In the disease model of addiction, it is nice in that it counters some of the heaping moral blame. Blame the victim is fairly standard in the good old USA, another self defeating philosophy amongst many. You can find a few articles on line about the disease model of addiction and free will.
The good old USA, we have a kind of wacky political bifurcation, either you follow that party line or this party line, and neither the twain shall meet. Either you believe in personal responsibility and ignore other social factors, or you look at other social factors, and you don't harp on personal choice. I feel like you can do both, and we don't need to entrench into partisan sniping.
The physiological element to addiction makes it very rewarding, and to quit is hard, mere exertion of will doesn't really make it so.
In Buddhism, we work to transcend our conditioning and not be reactive, to be creative. There's probably a percentage of free will, creativity, and we're looking to increase the percentage.
There's a lot emphasis on improving condition, creating the conditions that will lead to enlightenment. Improving conditions is an important way of working towards moving toward enlightenment.
Once someone is addicted, and you have the cycle where more and more is required to get the high as you habituate to the drug. Moral judgements don't stop people from using, it contributes to feeling bad about yourself and that leads to more use. Recovery has to be a choice, moving out of attraction and not just avoidance.
There's also a generic element in our genome. Before for water treatment, putting wine into your water killed bacteria and having the gene helped you to survive.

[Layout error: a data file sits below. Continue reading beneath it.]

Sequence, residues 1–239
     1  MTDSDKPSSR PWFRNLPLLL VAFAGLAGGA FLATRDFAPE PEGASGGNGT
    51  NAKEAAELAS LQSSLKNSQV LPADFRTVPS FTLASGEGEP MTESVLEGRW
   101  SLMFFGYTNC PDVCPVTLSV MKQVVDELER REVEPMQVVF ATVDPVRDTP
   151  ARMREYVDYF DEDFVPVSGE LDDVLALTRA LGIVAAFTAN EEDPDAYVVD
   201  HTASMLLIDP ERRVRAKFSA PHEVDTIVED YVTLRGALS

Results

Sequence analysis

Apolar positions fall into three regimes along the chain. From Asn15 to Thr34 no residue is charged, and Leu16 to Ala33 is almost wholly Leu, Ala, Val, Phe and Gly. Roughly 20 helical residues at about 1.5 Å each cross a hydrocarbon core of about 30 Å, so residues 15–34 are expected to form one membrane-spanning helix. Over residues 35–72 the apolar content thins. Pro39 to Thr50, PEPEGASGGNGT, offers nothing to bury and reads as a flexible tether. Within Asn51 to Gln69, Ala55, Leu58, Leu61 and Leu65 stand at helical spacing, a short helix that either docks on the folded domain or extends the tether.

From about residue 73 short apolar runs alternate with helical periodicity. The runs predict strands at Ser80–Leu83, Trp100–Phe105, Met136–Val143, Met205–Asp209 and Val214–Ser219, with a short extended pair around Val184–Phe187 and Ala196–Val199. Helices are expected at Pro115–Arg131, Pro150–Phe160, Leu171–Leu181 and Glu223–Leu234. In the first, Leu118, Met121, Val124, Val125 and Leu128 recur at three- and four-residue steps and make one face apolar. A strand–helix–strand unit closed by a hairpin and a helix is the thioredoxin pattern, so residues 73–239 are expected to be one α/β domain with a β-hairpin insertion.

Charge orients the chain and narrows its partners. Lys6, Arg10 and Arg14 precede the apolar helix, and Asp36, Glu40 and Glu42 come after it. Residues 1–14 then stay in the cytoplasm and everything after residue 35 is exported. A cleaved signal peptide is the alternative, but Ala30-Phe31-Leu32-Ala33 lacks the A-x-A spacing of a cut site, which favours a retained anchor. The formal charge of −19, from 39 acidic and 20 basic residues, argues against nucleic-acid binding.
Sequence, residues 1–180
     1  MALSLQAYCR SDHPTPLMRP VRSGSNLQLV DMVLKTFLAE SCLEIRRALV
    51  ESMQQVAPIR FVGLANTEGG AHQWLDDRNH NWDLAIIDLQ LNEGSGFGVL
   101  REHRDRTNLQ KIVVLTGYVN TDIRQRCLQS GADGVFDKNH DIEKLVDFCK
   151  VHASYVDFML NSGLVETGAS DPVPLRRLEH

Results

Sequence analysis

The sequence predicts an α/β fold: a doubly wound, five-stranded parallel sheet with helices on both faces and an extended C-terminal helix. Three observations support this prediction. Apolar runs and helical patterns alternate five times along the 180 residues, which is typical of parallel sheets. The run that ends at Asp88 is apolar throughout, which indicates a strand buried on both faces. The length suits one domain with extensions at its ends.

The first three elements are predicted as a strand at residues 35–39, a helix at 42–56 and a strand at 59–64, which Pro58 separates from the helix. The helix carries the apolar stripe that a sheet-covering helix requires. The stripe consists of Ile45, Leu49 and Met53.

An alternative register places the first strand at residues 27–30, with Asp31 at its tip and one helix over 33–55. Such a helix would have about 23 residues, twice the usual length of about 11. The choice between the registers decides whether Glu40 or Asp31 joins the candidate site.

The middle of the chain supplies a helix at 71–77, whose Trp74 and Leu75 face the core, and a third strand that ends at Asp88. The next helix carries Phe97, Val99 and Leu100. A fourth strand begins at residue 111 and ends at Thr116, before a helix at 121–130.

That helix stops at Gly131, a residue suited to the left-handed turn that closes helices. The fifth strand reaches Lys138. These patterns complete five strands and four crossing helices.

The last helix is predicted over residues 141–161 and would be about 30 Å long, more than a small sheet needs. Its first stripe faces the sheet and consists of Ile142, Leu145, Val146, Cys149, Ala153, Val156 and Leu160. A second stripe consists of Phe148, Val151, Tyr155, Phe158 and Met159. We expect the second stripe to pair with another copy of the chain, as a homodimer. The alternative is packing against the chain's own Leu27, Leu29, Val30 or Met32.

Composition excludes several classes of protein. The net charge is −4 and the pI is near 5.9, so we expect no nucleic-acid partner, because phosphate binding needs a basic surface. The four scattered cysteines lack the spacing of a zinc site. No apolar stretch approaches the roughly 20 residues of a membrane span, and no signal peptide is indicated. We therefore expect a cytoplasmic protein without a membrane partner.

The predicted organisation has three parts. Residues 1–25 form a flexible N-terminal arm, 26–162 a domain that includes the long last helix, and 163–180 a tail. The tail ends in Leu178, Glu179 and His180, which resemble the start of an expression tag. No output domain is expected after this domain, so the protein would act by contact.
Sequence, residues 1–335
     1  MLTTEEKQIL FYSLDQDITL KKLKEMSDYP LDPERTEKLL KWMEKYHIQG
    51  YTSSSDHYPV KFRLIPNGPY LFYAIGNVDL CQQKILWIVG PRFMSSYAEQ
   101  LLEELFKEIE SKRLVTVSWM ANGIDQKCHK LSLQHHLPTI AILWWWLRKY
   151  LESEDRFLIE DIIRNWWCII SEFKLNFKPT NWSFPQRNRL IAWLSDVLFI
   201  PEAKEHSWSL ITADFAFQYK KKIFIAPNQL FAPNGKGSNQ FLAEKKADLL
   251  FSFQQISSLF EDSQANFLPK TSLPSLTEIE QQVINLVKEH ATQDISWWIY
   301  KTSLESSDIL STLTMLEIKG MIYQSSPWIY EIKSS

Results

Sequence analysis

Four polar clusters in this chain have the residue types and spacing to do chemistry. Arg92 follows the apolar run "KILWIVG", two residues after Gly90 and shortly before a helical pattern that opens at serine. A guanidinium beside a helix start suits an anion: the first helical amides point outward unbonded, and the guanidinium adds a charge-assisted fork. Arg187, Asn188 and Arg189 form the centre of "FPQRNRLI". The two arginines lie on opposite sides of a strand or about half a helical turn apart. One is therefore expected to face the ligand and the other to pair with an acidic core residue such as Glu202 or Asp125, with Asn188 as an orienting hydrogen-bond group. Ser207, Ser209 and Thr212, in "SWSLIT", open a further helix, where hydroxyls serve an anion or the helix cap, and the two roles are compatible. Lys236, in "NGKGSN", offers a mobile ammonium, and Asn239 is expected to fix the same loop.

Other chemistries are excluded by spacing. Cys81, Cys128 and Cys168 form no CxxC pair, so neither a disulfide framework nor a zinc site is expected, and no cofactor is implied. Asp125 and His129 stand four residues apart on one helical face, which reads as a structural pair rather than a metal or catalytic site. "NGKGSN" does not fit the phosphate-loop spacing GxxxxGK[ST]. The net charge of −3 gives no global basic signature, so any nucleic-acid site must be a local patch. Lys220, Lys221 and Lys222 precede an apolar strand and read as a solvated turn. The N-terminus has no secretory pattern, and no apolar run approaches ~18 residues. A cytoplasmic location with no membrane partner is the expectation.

Addiction is very complicated. Free will and blame are in an interesting dance with the issues of addiction.
My first philosophy class was about free will. The Christians who want it because they need it to solve the problem of evil were heavily invested in it. How can an all knowing and all powerful god make something bad happen. The answer is free will. But if you don't have that commitment, the need to have it is less. On the other side, the materialists, who think only the stuff of physics exists, they have a need to defer to physicist, which is a much more muddy picture at this point, but could be an anti-free will position, determinism.
I like the idea of free will, even if it's not true, at least psychologically. Focusing people on their choices can help one to actually reflect on them, and in error analysis. If determinism is true, then I can't help but like the idea of free will.
The magical thinking involved in substance abuse is amazing. Working with substance abuse is interesting in that often times mental health professionals want to ceed that territory to substance abuse counselors. There are some that cross over, and the MICA tradition addresses both issues.
BTW, my sons interrupted me a million times while I was writing this post, so I apologize for any incoherence.